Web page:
Epic versus Apple’s Fortnite dispute heads to court as trial begins

Epic versus Apple’s Fortnite dispute heads to court as trial begins
Ben Borthwick Updated on by

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The ongoing Apple versus Epic Games dispute has arrived in court as the trial between the two companies over battle royale hit Fortnite kicked off yesterday, and even on the first day there's been chaos and interesting revelations.

It's been a while since we last checked in, so to very briefly recap: Epic Games implemented an in-app store last August for Fortnite to bypass its 30% charges on the App Store. Apple responded by removing the game from said store and terminated its developer account. Epic responded by suing Apple (and publicly responding via a #FreeFortnite campaign) and accused them of running a monopoly, to which Apple later itself retaliated by way of a counter-suit.

The trial itself began last night, and resulted in immediate chaos when the public call line, that allows anyone to dial in to listen to proceedings, accidentally broadcasted the voices of the same public listening in for the first few minutes, which as The Verge reports resulted in 200 particpants hearing the noise of members of the public shouting down the phone requesting the judge to "Free Fortnite" and playing Travis Scott songs as well as advertising their YouTube channels.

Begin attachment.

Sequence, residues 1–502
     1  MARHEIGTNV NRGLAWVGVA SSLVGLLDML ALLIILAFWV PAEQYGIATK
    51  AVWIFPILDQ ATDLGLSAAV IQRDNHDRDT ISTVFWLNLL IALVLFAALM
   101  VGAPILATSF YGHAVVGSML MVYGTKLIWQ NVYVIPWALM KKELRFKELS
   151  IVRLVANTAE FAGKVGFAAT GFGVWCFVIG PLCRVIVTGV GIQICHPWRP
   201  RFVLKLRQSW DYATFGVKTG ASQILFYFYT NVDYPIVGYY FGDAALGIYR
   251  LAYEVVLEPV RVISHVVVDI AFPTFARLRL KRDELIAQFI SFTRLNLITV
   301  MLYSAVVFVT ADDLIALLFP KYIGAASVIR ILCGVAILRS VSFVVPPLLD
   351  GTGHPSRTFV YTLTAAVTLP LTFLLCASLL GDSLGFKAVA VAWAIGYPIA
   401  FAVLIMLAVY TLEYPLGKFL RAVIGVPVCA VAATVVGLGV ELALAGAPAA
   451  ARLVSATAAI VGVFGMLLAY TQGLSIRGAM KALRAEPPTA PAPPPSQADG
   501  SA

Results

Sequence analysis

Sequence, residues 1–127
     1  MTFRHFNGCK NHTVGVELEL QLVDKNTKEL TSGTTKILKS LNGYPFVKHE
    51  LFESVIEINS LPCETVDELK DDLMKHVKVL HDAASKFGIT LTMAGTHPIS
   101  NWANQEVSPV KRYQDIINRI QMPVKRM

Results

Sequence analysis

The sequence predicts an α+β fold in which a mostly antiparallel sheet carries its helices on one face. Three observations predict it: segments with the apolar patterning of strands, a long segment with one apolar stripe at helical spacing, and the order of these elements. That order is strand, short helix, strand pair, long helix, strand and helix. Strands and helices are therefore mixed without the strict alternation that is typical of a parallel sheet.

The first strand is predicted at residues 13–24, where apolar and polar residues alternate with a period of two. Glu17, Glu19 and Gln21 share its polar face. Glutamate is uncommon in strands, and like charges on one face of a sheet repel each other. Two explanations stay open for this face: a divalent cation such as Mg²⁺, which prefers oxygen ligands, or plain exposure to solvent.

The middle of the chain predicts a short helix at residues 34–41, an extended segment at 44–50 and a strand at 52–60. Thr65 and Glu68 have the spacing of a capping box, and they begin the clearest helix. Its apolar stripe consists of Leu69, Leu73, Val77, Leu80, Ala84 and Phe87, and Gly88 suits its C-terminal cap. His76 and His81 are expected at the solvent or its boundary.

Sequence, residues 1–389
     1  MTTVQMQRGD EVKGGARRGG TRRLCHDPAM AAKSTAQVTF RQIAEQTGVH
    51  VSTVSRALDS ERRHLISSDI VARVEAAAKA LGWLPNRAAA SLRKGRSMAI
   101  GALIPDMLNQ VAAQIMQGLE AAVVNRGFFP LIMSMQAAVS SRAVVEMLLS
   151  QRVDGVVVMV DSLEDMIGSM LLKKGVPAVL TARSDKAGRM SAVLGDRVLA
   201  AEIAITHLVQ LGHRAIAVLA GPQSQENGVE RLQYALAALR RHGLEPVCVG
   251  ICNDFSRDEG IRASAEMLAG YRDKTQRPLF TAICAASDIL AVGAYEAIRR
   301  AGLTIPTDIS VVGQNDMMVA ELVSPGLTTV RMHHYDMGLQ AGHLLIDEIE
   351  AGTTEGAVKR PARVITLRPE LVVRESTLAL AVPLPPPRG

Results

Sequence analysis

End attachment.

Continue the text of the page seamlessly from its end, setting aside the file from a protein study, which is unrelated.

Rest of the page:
Once things had settled down and normality was restored, Epic Games CEO Tim Sweeney briefed the court on Epic's business, with a lawyers asking questions on whether the Epic Games Store was profitable. He responded (as per The Verge's Adi Robertson on Twitter) saying that it was "Hundreds of millions of dollars short of being profitable" because of upfront costs, and said "We have a general expectation of becoming profitable within 3 or 4 years."

As part of the hearing several court documents were released, including details on the Epic Games Store's first 9 months of free game giveaways, and just how many were claimed and how much money developers made (credit Simon Carless on Twitter) to September 2019. It also came to light (again thanks to Carless) that Epic paid a whopping $146 million USD in advance for Borderlands 3's exclusivity for six months, but made $80 million USD of that back in just the first two weeks the game was on sale. 

The Epic Games versus Apple trial is expected to last three weeks, and if the first day is anything to go by we can probably expect a lot more revelations and information to come. We'll try and keep you abreast of any highlights and particularly newsworthy developments as proceedings continue.